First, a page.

Genetics (18 Nov) - Scientists have identified the first "master" molecule in the cell nucleus that controls the action of hundreds of different genes at once through its action on enzymes. The broad-acting molecule affects enzymes that restructure chromosomes, exposing genes to proteins that can then trigger key gene processes, including the start of protein production and copying and repairing of genes. [more]


Longevity (18 Nov) - The naked mole-rat may help scientists to understand longevity. Although it is just the size of a gerbil, it lives over six times as long: it can survive 26 years or more. Nature Science Update, Journal of Zoology.


Alcohol - development (18 Nov) - A new animal study hints that even a little alcohol during pregnancy may affect a baby's brain. A group of adult rats flunked a navigation test. Their mothers had consumed quantities of alcohol while pregnant that were analogous to one drink a day for a human during the first six months. Nature Science Update, Alcoholism: Clinical and Experimental Research.


REVIEWS & DISCUSSION (cont.)

Deception - Wendy M. Grossman reviews The Art of Deception: Controlling the Human Element of Security by Kevin D. Mitnick. [more] [review]

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Biography - Louise Barrett reviews Love at Goon Park: Harry Harlow and the Science of Affection by Deborah Blum. [more] [review]

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Fiction - Ron Charles reviews The Cave by Josť Saramago Translated by Margaret Costa. [more] [review]

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Psychopathology - Barry Boggs reviews Measuring Psychopathology by Anne Farmer, Peter McGuffin and Julie Williams. [more] [review]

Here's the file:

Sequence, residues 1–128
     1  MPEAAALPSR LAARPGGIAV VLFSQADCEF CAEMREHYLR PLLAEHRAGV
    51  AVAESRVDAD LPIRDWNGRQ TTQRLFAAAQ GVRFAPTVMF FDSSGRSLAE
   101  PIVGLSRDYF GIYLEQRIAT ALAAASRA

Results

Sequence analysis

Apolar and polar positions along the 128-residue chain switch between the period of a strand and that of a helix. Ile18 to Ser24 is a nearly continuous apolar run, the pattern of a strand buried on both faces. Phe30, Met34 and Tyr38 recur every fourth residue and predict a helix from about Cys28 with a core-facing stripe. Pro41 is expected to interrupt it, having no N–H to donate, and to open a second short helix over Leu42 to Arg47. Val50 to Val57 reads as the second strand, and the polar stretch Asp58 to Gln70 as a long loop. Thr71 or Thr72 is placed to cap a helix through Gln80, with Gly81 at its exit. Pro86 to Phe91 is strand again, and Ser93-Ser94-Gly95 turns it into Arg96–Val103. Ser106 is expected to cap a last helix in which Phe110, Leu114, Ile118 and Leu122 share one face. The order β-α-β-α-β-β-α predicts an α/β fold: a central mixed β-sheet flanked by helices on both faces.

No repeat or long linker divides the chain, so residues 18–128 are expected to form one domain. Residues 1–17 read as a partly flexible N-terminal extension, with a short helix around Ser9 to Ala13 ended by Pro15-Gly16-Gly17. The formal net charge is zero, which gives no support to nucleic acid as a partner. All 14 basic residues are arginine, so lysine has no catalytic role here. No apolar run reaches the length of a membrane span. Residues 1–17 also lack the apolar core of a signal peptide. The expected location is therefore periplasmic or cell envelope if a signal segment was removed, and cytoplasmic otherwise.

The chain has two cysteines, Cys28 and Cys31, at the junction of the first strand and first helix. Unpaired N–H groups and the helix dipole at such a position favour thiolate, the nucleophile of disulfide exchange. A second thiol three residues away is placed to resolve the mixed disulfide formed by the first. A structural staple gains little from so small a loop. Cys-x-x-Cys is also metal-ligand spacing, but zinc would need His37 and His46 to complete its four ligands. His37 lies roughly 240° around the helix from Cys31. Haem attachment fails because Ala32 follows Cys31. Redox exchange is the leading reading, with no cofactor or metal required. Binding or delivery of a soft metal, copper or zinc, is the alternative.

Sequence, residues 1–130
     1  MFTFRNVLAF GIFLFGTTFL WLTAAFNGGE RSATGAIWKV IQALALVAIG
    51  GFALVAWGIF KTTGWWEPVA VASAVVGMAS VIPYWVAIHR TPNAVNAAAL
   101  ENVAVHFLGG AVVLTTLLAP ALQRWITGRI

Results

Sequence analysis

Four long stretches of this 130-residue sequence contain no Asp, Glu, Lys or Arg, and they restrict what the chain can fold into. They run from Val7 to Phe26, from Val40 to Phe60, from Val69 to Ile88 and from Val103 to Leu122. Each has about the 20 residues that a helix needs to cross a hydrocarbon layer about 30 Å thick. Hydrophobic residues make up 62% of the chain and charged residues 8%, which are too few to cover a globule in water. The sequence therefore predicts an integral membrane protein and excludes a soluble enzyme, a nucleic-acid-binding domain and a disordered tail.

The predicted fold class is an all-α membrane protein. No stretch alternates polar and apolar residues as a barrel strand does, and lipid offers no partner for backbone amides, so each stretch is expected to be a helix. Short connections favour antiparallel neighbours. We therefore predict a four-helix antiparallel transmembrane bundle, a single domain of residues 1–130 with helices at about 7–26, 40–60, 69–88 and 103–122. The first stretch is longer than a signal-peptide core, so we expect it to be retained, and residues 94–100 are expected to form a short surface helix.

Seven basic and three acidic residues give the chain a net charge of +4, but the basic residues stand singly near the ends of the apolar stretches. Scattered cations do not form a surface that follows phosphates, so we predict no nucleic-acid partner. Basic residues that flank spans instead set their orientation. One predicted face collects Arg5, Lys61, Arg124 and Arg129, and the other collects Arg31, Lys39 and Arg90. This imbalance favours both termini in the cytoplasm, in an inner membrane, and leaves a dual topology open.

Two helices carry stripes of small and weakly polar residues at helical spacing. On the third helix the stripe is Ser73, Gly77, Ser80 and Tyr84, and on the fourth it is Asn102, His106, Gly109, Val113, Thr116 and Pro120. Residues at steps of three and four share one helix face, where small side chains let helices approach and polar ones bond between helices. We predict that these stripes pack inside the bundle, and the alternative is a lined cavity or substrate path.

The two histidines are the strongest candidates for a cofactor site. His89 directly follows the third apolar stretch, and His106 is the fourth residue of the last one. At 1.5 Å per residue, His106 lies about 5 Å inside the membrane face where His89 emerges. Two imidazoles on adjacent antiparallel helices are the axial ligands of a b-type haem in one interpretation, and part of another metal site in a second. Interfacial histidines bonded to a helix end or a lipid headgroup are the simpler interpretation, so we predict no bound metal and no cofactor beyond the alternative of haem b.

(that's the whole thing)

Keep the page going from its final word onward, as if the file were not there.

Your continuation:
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Parenting - Roy Sugarman reviews Handbook of Parenting, 2nd Edition, Volumes 1-5 edited by Marc H. Bornstein. [review]


Biography - Marek Kohn reviews Charles Darwin: The Power of Place by Janet Browne. [more] [review]

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REVIEWS & DISCUSSION

Intuition - Markus Kemmelmeier reviews Intuition: Its Powers and Perils by David G. Myers. [more] [review]

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Memory - Nigel Hunt reviews Voices of Collective Remembering by James Wertsch. [more] [review] [chapter]

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Human evolution - Chris Lavers reviews The Journey of Man: A Genetic Odyssey by Spencer Wells. [more] [review]

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Behavior - Helge Malmgren reviews Adaptive Dynamics: The Theoretical Analysis of Behavior  by J. E. R. Staddon. [more] [review]

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Schizophrenia - Lisa Bortolotti reviews Living With Schizophrenia by Stuart Emmons, Craig Geiser, Kalman J. Kaplan and Martin Harrow. [more] [review]

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Behavioral neuroscience - Bill Seeley reviews Neurons and Networks: An Introduction to Behavioral Neuroscience by John E. Dowling. [more] [review]

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Biography - Christian Perring reviews Sigmund Freud: Pioneer of the Mind by Catherine Reef. [more] [review]

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Music - Steven Poole and John Dugdale review Beethoven's Anvil: Music In Mind And Culture by William L. Benzon. [more] [review]

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Chemistry - Tim Radford reviews Oxygen: The Molecule that Made the World by Nick Lane [more], Hydrogen: The Essential Element by John S Rigden [more], and The Ingredients: A Guided Tour of the Elements by Philip Ball. [more] [review]


Consciousness - Galen Strawson reviews Consciousness and the Novel by David Lodge. [more] [review]

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Adolescence - Iain McClure reviews Freaks, Geeks & Asperger Syndrome: A User Guide to Adolescence by Luke Jackson. [more] [review]

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Evolutionary psychology - Kate Douglas reviews Human Instinct: How Our Primeval Impulses Shape Our Modern Lives by Robert Winston. [more] [review]

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Biology - John Bonner reviews Darwin In the Genome: Molecular Strategies in Biological Evolution by Lynn Helena Caporale. [more] [review]